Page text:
|Birth: ||1927, USA|
|Death: ||Sep. 27, 2012|
BETHLEHEM — Reverend Mother Placid (Patricia Ann) Dempsey, 85, consecrated nun of the Abbey of Regina Laudis, died Thursday, September 27, at the Abbey after a long illness. Described as a tiny giant, Mother Placid — artist, poet, and guest mistress for over 50 years — touched the lives of thousands of people.
Patricia Ann Dempsey was the youngest of four children of William Ambrose Dempsey, New York City trial lawyer, and Kathleen Costello Dempsey, teacher and housewife. The Dempseys migrated to America at the time of the great famine in Ireland and settled in Pennsylvania where Mother Placid's grandmother ran a saloon in the mountain mining town of White Haven.
The Costellos were metal craftsmen for centuries in Ireland. Her maternal grandfather was instrumental in bringing the Knights of Columbus to Brooklyn.
Mother Placid grew up in Brooklyn, and described the atmosphere of her home as warm and intellectually stimulating with discussions of cultural matters, philosophical questions, and legal matters.
After graduating from St. Angela Hall Academy High School, she received her bachelor's degree in art from Marymount College in Tarrytown, N.Y., in 1949.
In both high school and college she was awarded honors for her art. She was active in all aspects of drama, especially scenery design and construction. She also participated in many cultural and charitable activities, including social activities for the blind, infirm and pre-school children.
While at Marymount, she attended a talk given by Mother Mary Aline, co-foundress of the newly-established Benedictine Monastery Regina Laudis. Her curiosity aroused, she came to Bethlehem with a friend in 1947, arriving in the midst of a blizzard. She described what she found: "It was so cultured, so simple… There was a freshness here, a mystery — like going into some huge stillness, going into God."
Patricia Dempsey entered the monastery as a Postulant on August 18, 1949, one of the first American postulants and the only one of that group to persevere in the monastery. As a novice she received the name Sister Placid, after the faithful disciple of St. Benedict. She was perpetually professed and consecrated on the Feast of the Ascension, June 3, 1954.
Besides her work as artist, teacher and guest mistress, Mother Placid was a Council member and Postulant Mistress for a number of years, as well as Mistress of Ceremonies. She helped write and present in Rome the Abbey's first Constitutions.
Her extensive work as monastic artist included painting, graphics, vestment design, enamel, wood, stone and concrete sculpture and book illustrations, notably the covers of several of the "Classics of Western Spirituality" series. Her work has been exhibited in galleries in this country and Europe, especially in New York City and Paris. Her well-known "Stations of the Cross," hand-carved out of a neighbor's cherry tree, grace the walls of the lower monastery chapel at the Abbey and continue to be a source of prayer and inspiration for visitors.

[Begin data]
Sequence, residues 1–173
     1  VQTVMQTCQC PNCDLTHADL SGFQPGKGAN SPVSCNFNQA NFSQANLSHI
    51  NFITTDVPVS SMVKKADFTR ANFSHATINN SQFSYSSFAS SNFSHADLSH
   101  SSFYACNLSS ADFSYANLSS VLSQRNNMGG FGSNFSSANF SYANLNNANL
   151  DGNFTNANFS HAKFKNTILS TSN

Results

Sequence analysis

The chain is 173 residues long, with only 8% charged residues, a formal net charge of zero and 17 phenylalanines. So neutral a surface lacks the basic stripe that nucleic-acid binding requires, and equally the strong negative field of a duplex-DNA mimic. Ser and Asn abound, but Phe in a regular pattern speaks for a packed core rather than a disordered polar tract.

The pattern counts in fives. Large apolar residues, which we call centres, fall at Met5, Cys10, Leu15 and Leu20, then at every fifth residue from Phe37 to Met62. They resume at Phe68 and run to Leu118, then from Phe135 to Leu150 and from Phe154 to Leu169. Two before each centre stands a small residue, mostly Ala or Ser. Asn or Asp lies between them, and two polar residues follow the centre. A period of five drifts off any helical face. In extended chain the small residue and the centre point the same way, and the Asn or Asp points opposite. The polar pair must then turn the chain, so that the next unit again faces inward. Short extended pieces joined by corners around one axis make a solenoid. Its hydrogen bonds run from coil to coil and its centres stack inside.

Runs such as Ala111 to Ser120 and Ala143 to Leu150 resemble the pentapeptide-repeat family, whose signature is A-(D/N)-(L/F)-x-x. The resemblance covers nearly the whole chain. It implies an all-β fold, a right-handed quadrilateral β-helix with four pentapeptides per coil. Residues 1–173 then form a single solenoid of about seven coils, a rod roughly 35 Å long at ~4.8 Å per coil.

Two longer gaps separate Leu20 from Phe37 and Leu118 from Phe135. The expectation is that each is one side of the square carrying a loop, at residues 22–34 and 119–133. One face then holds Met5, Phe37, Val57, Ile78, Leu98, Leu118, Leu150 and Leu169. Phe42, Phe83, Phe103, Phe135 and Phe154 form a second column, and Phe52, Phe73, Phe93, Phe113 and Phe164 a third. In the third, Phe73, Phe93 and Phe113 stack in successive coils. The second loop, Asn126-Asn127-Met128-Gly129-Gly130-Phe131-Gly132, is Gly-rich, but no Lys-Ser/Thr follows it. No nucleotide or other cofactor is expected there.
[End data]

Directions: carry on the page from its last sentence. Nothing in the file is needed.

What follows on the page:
Mother Placid designed scenery for several Abbey plays as well as buildings used for the Abbey fair. She was instrumental in the development of monastic crafts and supervised the renovation of the Monastic Art Shop to include an art gallery and display space.
In the Abbey, Mother Placid taught classes in monastic history and spirituality, philosophy and the Rule of St. Benedict. She was much influenced in her early life by the writings of Jacques and Raissa Maritain, whom she later met when they visited Regina Laudis in 1949.
She maintained scholarly and spiritual friendships with psychiatrist and author Dr. Karl A. Menninger, and with Caryll Houselander, the English Catholic author. Among her most cherished relationships was the one with renowned children's book illustrator Tomie dePaola, who first came to Regina Laudis as an art student. They became colleagues and fast friends, each enriching the other's work and life.
Always faithful to the vision of Lady Abbess Benedict, foundress of the Abbey, Mother Placid's unique and transformative contribution to Regina Laudis was her ability to translate monastic values into contemporary language. She was instrumental in receiving the many young people who were drawn to the monastery in the 1960s and 70s, and helping them to see their own lives and process of seeking as valuable and "of God."
Her deep sense of culture and breadth of education, and her frank love of people were supreme assets in this work. Moreover, she brought a depth of wisdom and understanding, in her inimitably playful way, to the work of forming communities of laypersons desiring to give themselves to Christ, through their professions.
She once described monastic life in this way: "Religious life is generally misunderstood, mostly by people who never get to know what it's about. Entering is like the first day of creation for you. You come to find out what God has put you here for. You walk in, and this place will set off all the light and dark places in you. It's a pressure cooker. You will walk into all the trials you need to clean up your act and learn to love."
Besides her monastic community, Mother Placid is survived by her numerous nieces and nephews, including Mother Praxedes Baxter, OSB, also of Regina Laudis, and by great-nieces and nephews.
A Requiem Mass took place September 29 at the Church of Jesu Fili Mariae at the Abbey of Regina Laudis, followed by burial in the Abbey cemetery.
Memorial contributions may be made to the New Horizons Renovation Project, in care of The Abbey of Regina Laudis, 273 Flanders Rd., Bethlehem 06751 or at abbeyofreginalaudis.org.
Abbey of Regina Laudis Cemetery
Created by: Michael Ryley Bradbury
Record added: Sep 28, 2012
Find A Grave Memorial# 97924479
Rest In Peace, Mother Placid!|
Added: Jun. 12, 2013